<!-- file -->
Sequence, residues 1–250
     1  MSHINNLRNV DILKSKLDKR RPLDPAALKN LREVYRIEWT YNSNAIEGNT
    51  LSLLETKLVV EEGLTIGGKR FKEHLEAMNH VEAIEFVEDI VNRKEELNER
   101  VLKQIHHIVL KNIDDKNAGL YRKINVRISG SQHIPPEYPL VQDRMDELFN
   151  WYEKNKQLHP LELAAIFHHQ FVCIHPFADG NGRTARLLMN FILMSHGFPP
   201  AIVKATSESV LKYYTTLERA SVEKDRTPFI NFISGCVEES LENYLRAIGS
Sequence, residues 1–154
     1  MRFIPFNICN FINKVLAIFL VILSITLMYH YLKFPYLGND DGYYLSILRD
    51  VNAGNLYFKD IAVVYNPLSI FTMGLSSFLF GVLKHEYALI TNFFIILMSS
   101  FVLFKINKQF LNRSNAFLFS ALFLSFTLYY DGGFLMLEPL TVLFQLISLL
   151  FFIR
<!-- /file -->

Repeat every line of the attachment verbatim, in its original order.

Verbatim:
Sequence, residues 1–250
     1  MSHINNLRNV DILKSKLDKR RPLDPAALKN LREVYRIEWT YNSNAIEGNT
    51  LSLLETKLVV EEGLTIGGKR FKEHLEAMNH VEAIEFVEDI VNRKEELNER
   101  VLKQIHHIVL KNIDDKNAGL YRKINVRISG SQHIPPEYPL VQDRMDELFN
   151  WYEKNKQLHP LELAAIFHHQ FVCIHPFADG NGRTARLLMN FILMSHGFPP
   201  AIVKATSESV LKYYTTLERA SVEKDRTPFI NFISGCVEES LENYLRAIGS
Sequence, residues 1–154
     1  MRFIPFNICN FINKVLAIFL VILSITLMYH YLKFPYLGND DGYYLSILRD
    51  VNAGNLYFKD IAVVYNPLSI FTMGLSSFLF GVLKHEYALI TNFFIILMSS
   101  FVLFKINKQF LNRSNAFLFS ALFLSFTLYY DGGFLMLEPL TVLFQLISLL
   151  FFIR